Acting as a spiritual successor to developer Bombservice’s Momodora series, Minoria sees players embarking on another Metroidvania-style adventure as they explore an open 2D-world, take down enemies, and improve their character’s capabilities on a quest to defeat some vicious witches. Bringing with it more refined combat mechanics and a new visual style, it really does feel like an evolution upon Momodora’s established gameplay style too – even if it doesn’t necessarily take the Metroidvania genre in a new direction.
Minoria puts players in the role of Sister Semilla, a missionary of The Sacred Office – an organization that battles against heretics that bring evil to the world and stand against the beliefs of the church – as she looks to vanquish a vile coven of witches before they’re able to cause pain and destruction in the land of Ramezia. It makes for a surprisingly deep tale and one that offers plenty of narrative details for the player to discover, with character interactions moving the story forward and notes across the world fleshing it out. It’s certainly a compelling tale and its rich storytelling kept me engaged throughout the entirety of the roughly seven-hour adventure.
Much like its predecessors, Miroria offers Metroidvania-style exploration with the player traversing an open 2D environment where more and more areas become accessible as you expand your skillset. It’s a tried-and-tested formula that I don’t think I need to go into great depth about here – just expect more of the same platforming challenges (and occasional bit of backtracking) you’ve seen in similar titles in the genre as you explore the dark world.
It’s in the combat where Minoria really enthrals, with its high-risk showdowns with baddies keeping you on your toes as you battle through both standard enemies and more deadly boss encounters. In fairness, the standard enemies go down with minimal fuss for the most part, with the player able to unleash fast combos that should wipe them out quite quickly. Just be careful not to be caught by an attack, with even the least intimidating of the game’s foes able to take a big chunk out of your health bar if they catch you off guard.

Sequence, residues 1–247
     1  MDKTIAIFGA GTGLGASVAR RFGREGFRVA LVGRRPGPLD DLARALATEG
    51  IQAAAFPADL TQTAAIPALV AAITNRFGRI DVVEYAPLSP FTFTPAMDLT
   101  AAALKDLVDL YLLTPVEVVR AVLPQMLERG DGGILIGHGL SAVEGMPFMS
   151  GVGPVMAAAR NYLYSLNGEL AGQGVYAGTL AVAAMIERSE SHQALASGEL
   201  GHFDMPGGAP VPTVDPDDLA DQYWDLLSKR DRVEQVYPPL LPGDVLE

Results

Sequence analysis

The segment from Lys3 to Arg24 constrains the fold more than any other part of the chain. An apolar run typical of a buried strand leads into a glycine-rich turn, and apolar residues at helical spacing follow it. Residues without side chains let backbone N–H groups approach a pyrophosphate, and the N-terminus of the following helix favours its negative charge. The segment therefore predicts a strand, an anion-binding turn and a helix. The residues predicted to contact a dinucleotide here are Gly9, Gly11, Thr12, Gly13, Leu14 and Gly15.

This is where your defensive manoeuvres come into play, with the player able to both dodge-roll out of the way of attacks or unleash a counterattack with a well-timed parry. Whilst simply rolling out of the way is easier to perform, it doesn’t always leave your enemy vulnerable to an attack of your own – it’s certainly more effective to master the parry early on if you want to dish out plenty of hurt. Fortunately, the game does give small indicators as to when you should parry with the different foes you face off against, so it’s a system that’s fair and that just requires a bit of good timing.
You’re also able to equip special Incense that acts as a spell system in-game, with three different options able to be equipped at a time. These grant Semilla both offensive and defensive abilities, allowing players to essentially build her skillset around their own style of play. Want to go all out and unleash all sorts of elemental blasts upon your opponents? Go for it. Or do you instead want healing abilities to ensure that you can save yourself from impending death? That’s a good idea too. Alternatively, you can just mix everything together or even equip Incense that grants different boosts and buffs, which can also be game-changers during encounters with specific foes. Balancing out your Incense is vital to your success in the game, whilst the flexibility in what is on offer means that you can really sculpt how Semilla feels to play. It’s good stuff.
It makes for a really fun combat system where even the simplest of encounters requires precision and quick-thinking from the player, though it was in the boss battles where Minoria really offers its thrills. I’m a sucker for a showdown with a more vicious and nasty foe where you have to master their attack patterns and pick your moment to strike, with Minoria featuring these epic encounters in abundance. Like similar titles in the genre, it’s in these battles that you will really have your skills tested, but they never feel unfair… just brutal.
Between the fun combat and the decent (albeit simple) exploration mechanics, there’s plenty to enjoy in Minoria. However, it was a little disappointing that there wasn’t more variety within the game world itself, with the environment style remaining quite samey throughout and without a massive range of different enemies to face off against. It’s a shame too, because the visuals look great – the 2.5D world offers a lovely change of aesthetic when compared to similar titles in the genre (including predecessor Momodora) thanks to its cel-shaded style, whilst all of the action managed to look slick thanks to the steady frame rate.
There isn’t anything here that you wouldn’t have seen in any other Metroidvania-style game either, with Minoria playing it pretty safe as far as its gameplay mechanics are concerned. That’s not a bad thing; everything it does, it does well… you just shouldn’t expect any original innovations that really help the game the stand out amongst its peers.
Minoria doesn’t revolutionise the Metroidvania genre in any way, but its slick combat mechanics and desolate yet beautiful world ensure that its dark adventure is one that’s worth embarking on. Add to that a genuinely engaging story and some excellent boss encounters, and you’ll quickly find yourself completely hooked into its grim battle against heretic witches.
Publisher: DANGEN Entertainment
Platform(s): Nintendo Switch (Reviewed), PlayStation 4, Xbox One, PC